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Old 04-05-2014, 10:27 PM   #1
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Fathom Yachts, your thoughts on this made in USA boat.

Quite a package in 40ft, discuss...


Expedition : Specifications
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Old 04-05-2014, 10:38 PM   #2
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http://www.harborviewyachtsales.com/...c/pmfathom.pdf
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Old 04-06-2014, 08:47 AM   #3
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The Fathom is the boat we would buy if we could afford it. Awesome fuel economy due to the angle of the prop shaft. A wonderful engine room. Top brand accessories and parts. Nice lazerette and very good use of space. Some drawbacks though... High silhouette means windage issues, no side decks from cockpit to bow (must go through the salon). Also differing levels can make movement forward and aft difficult. Overall it looks great to us as a serious live aboard or extended cruising boat. Dear Fathom, any chance for a discounted price?!
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Old 04-06-2014, 01:56 PM   #4
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Nice looking boat but the lack of side decks/walkway would be a deal breaker for us.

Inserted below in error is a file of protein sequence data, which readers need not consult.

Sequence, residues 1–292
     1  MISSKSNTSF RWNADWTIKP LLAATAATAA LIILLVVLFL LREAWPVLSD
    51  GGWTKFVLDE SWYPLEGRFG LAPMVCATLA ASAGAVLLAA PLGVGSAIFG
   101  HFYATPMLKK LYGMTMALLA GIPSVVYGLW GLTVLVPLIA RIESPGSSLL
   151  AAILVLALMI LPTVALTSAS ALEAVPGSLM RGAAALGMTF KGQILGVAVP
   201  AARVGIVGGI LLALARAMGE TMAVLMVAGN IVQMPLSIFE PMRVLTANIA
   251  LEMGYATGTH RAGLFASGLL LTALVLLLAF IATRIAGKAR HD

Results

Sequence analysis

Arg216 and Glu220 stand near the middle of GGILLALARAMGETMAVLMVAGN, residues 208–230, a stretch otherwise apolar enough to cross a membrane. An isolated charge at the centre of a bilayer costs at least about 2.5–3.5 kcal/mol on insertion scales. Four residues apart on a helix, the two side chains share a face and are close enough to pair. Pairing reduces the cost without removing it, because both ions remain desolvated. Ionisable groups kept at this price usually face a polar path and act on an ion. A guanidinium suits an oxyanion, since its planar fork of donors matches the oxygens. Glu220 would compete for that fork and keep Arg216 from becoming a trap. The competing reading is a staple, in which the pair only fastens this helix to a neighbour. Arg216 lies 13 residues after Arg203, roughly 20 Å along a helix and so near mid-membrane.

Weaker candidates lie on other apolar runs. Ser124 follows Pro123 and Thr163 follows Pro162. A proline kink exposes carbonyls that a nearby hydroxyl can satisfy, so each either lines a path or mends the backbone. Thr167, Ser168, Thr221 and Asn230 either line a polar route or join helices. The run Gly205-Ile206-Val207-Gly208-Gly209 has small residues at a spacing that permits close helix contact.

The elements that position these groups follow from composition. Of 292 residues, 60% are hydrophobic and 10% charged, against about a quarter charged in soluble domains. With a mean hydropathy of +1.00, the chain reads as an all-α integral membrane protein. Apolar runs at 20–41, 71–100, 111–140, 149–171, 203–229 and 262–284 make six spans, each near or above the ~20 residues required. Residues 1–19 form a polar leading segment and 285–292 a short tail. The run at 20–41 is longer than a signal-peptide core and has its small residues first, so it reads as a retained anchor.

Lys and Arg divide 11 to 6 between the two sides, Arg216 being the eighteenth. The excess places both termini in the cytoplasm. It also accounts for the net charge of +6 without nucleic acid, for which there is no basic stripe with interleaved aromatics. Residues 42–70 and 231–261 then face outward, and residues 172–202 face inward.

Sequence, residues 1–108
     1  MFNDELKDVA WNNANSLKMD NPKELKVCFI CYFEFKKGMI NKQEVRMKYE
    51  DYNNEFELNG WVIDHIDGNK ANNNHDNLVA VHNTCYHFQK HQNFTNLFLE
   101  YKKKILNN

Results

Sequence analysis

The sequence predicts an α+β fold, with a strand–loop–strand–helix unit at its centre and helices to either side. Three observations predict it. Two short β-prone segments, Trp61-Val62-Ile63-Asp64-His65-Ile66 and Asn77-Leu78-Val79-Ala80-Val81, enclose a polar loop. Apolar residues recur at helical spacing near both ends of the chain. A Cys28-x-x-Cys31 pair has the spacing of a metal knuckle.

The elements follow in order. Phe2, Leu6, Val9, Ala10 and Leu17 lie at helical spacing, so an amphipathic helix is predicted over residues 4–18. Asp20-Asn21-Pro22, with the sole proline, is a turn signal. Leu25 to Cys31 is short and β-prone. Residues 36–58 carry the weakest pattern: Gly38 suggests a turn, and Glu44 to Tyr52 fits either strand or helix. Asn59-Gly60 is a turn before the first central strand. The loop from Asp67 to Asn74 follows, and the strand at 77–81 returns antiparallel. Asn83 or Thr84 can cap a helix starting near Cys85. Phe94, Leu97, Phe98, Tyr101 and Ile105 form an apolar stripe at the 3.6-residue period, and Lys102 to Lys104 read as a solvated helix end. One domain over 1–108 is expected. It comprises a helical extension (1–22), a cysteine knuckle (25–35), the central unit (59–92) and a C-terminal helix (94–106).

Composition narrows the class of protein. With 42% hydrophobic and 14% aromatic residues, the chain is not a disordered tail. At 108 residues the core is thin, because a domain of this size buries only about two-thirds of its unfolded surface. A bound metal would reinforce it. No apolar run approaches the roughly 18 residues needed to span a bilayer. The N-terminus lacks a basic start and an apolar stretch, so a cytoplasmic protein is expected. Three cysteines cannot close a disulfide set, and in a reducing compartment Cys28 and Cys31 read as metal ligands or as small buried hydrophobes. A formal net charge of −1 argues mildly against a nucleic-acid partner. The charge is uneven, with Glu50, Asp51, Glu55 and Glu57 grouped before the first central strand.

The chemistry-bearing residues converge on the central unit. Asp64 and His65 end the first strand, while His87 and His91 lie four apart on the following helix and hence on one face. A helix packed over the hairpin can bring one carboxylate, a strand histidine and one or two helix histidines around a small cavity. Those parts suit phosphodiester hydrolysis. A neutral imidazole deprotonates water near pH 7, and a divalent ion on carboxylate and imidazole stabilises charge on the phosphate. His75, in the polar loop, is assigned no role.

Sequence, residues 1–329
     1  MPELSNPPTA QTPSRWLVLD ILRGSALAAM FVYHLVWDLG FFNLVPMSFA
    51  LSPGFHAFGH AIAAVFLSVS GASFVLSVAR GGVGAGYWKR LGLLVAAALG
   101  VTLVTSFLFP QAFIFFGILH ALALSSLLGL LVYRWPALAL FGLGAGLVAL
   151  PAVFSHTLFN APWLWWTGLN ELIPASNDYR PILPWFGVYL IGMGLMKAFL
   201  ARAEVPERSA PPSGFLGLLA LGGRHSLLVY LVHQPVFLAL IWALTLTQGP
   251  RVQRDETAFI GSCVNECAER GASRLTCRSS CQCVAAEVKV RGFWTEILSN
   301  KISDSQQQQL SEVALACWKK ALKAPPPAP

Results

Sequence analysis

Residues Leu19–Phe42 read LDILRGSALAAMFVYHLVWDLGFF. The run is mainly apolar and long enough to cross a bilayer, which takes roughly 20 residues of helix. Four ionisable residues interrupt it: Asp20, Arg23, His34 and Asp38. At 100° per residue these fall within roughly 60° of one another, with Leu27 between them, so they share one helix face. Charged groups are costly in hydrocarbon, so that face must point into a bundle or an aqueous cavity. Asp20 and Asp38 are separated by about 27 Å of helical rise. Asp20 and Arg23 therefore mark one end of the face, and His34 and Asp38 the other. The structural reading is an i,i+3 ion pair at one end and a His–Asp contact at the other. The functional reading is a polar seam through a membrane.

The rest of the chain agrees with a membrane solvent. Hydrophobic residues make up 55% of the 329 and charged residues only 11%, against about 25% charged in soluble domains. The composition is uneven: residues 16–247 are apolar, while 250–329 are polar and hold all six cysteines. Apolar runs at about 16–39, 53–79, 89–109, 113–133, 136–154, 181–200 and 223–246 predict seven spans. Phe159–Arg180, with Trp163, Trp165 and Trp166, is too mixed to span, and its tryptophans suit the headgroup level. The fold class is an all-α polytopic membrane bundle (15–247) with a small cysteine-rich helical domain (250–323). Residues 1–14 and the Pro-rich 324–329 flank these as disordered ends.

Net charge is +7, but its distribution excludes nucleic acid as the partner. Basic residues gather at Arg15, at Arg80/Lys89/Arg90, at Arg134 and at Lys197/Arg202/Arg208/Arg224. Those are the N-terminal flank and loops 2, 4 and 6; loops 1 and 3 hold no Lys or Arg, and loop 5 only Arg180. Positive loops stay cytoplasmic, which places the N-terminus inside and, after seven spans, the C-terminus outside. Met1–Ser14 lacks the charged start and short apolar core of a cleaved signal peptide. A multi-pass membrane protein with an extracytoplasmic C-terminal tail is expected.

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Old 04-06-2014, 02:46 PM   #5
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Nice looking boat but the lack of side decks/walkway would be a deal breaker for us.
And add to that the issue of only having a pilothouse door on the starboard side.
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Old 04-06-2014, 05:23 PM   #6
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With all do respect, who would want a boat with only 1 access point to the bow? Especially if it is through the pilot house door. Can you imagine having to open that door when the wind is blowing rain 20 knots sideways.

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Old 04-06-2014, 06:24 PM   #7
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The couple in the slip next to me left last week to start their “loop” trip on their Fathom 40. Very nice boat, especially if you like that “beefy” look. It had bow and stern thrusters but still had some trouble getting in and out of the slip in any kind of breeze.

The owner said he got a notice from the Fathom Company saying they were going out of business and selling their molds to another company. Don’t know if that’s true or not. KJ
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Old 04-07-2014, 08:16 AM   #8
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Boy, I would imagine line handling and locking through the canals is going to take some real ballet dances with that layout. Yikes.